The resulting advantage is illustrated in FIG. 7, which shows the current variation over time. The current variation drops to 0.6 percent of the maximum possible current, i.e., if all apertures would be open, compared to the variations with the mapping sequence depicted in FIGS. 4 and 5.

FIGS. 8-11 illustrate the concept according to the invention for the example of 8 grey levels (including 0): FIG. 8 shows the straight-forward approach from prior art, where in each step different numbers of grey levels (marked “GL” in FIG. 8) are exposed—beginning from all seven non-zero levels and ending with only one level being exposed. This leads to heavy current variations when exposing the standard image, as can be seen in FIG. 9.

FIG. 10 shows an exemplary exposure sequence, where in each step the same number of pixels is exposed. This can be illustrated with the matrix G:

G = ( 0 1 0 0 1 1 0 1 0 0 1 0 1 0 1 1 0 0 0 1 0 1 1 1 0 0 1 0 1 0 1 1 0 0 0 1 0 1 1 1 0 0 0 0 1 1 1 1 0 0 0 1 0 1 1 1 ) .

With the different grey scales being equally distributed, this leads to a current during exposure, which is, by and large, constant, as can be seen in FIG. 11.

The level 1 bit shuffling works well on images with different grey levels (GL), but might fail when only a small number of grey levels are used within the image. Thus, as a further aspect of the invention, a second step is introduced, which is referred to as “bit shuffling level 2”.

Bit Shuffling Level 2

The matrix G does not need to be equal or uniform for all pixels of the image. Rather, a different matrix G can be assigned to every pixel within the image. Of course, each of the assigned matrices has to fulfill equation (1).

For a pixel on the position x, y within an image, the notation Gxy is used to show that a certain matrix G is the mapping for said pixel. The elements of Gxy are denoted as gij xy. The “bit shuffling level 2” is defined in equation (3) as follows:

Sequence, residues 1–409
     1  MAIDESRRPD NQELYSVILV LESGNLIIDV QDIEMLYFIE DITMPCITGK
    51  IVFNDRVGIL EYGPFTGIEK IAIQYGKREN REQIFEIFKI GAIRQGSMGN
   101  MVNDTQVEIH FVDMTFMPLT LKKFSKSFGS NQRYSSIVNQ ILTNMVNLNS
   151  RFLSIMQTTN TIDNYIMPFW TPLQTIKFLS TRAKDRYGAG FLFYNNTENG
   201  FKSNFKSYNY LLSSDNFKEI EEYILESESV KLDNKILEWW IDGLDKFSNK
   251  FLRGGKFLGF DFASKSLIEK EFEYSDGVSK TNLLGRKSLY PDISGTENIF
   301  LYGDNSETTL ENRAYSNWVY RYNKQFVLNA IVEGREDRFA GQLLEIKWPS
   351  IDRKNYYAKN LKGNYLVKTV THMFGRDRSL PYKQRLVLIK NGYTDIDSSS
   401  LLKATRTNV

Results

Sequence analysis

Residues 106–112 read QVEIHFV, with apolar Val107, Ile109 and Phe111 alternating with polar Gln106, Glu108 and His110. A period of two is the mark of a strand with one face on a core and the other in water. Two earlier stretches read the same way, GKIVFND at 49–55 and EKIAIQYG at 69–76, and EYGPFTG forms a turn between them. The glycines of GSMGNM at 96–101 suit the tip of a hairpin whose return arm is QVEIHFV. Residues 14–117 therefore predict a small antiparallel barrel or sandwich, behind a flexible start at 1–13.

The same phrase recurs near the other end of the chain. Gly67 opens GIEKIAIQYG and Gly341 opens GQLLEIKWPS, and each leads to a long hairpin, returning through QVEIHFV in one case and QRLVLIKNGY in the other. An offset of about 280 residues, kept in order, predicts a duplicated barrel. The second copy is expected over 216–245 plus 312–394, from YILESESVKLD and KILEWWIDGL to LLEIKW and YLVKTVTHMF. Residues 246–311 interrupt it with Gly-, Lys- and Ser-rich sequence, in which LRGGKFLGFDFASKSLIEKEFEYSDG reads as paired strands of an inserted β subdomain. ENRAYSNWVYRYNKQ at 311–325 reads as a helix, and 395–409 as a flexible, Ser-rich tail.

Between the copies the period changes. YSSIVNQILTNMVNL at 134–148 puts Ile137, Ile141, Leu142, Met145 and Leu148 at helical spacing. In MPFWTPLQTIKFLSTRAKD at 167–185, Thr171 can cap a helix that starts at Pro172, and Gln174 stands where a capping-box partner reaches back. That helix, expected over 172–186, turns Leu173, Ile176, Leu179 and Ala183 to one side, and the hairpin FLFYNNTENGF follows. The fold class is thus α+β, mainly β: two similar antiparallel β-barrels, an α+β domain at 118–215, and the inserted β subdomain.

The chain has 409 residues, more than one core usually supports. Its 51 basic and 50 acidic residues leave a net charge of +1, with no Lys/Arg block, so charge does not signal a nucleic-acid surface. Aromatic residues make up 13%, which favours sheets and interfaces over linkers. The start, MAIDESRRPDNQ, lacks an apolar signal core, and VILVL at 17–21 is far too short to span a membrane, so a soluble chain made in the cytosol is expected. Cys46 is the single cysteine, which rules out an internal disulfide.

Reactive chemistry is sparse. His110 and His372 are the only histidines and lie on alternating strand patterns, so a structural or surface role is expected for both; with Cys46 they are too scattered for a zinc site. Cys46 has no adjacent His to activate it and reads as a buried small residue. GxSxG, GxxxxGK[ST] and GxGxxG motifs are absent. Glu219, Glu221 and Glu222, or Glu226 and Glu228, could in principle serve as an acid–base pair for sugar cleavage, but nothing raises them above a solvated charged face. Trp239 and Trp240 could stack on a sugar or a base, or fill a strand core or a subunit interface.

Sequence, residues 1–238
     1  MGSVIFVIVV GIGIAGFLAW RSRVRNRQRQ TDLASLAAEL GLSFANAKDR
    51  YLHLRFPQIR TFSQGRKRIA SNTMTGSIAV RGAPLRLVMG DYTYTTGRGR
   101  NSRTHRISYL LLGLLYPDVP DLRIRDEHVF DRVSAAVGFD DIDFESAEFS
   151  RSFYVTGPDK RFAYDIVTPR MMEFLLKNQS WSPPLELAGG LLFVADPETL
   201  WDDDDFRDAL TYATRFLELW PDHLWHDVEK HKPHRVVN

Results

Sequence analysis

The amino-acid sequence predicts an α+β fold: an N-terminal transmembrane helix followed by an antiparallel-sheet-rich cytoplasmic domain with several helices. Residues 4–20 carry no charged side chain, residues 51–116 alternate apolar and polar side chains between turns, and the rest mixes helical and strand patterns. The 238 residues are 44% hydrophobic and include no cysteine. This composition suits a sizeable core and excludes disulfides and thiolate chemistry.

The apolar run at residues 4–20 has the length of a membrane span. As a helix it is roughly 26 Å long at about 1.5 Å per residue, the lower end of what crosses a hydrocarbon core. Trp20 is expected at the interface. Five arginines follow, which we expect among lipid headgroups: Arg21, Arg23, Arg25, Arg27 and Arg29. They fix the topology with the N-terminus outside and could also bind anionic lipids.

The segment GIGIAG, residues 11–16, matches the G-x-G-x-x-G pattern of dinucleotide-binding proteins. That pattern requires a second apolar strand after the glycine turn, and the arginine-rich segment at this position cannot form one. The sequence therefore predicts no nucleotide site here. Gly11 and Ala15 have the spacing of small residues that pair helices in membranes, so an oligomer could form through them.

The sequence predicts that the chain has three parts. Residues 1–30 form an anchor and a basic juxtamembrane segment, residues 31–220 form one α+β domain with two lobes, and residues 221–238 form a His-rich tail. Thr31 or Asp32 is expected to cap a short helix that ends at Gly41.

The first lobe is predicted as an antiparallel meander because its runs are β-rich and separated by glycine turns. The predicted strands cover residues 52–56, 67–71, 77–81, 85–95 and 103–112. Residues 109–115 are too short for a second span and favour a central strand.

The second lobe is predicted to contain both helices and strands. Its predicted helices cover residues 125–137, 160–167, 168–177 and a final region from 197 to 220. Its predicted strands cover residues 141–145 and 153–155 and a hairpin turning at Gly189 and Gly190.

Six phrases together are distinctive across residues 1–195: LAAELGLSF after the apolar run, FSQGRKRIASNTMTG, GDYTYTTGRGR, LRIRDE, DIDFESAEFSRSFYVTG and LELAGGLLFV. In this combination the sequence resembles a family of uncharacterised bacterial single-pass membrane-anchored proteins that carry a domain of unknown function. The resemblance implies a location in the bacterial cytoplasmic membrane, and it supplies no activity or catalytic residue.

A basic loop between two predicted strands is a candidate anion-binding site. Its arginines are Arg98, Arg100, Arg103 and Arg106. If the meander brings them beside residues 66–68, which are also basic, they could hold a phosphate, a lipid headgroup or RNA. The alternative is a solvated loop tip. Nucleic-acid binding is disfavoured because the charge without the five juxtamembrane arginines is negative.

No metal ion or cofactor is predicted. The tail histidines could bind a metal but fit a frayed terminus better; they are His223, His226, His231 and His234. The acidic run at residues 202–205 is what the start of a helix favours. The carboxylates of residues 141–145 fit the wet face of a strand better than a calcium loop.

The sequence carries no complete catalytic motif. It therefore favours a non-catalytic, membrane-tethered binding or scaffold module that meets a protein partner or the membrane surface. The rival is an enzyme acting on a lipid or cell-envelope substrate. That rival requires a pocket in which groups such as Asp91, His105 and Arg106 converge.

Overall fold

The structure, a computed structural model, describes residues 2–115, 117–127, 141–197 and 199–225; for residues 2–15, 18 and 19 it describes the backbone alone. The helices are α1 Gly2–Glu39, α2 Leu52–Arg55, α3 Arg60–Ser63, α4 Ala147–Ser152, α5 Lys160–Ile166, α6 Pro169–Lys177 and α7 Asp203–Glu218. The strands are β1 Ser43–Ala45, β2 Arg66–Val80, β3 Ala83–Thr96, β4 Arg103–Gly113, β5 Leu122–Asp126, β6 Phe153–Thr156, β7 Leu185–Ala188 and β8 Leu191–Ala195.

N ( x , y ) S xy g ij xy - j card ( S xy ) O 2 j { 0 , 1 , , C } , i { 1 , 2 , , N } , S xy { ( x , y ) | 1 x X and 1 y Y } , card ( S xy ) n min

The function card(•) shall evaluate to the cardinality of the set given as parameter, the cardinality being a measure of the number of elements of the set. Equation (3) formulates the objective that the fluctuation of the contribution of each grey level j to the total current has the upper boundary O2 for every subset Sxy of the pixels in the image area XY of at least nmin elements (pixels) and for every discrete subinterval i of the exposure. For the subset Sxy to have a physical meaning, their elements should be lumped, e.g., a set of pairs (x,y) within a maximum distance from a point.

All sets of matrices Gxy of (3), of which each individual matrix also fulfills (1), are called “level 2 bit shuffled exposure sequences of the order O2”. The retrieval of an optimal sequence that fulfills equation (3) with O2=0 also depends on the product XY (i.e., the size of the image).

A set of matrices Gxy is called “completely bit shuffled”, if it fulfills equation (3) with O2=0 and equations (1) and (2) for each individual matrix with O1=0.

For a specific implementation different algorithms can be chosen to find appropriate sets of matrices Gxy. There will in general always be a compromise between effort (computational power) and performance. It is important to distinguish between the definition (generation) of a matrix set Gxy and the mapping during operation. The sequence will generally be defined offline, for example using an exhaustive search over feasible sets of Gxy, or using stochastic simulation (“Monte Carlo method”).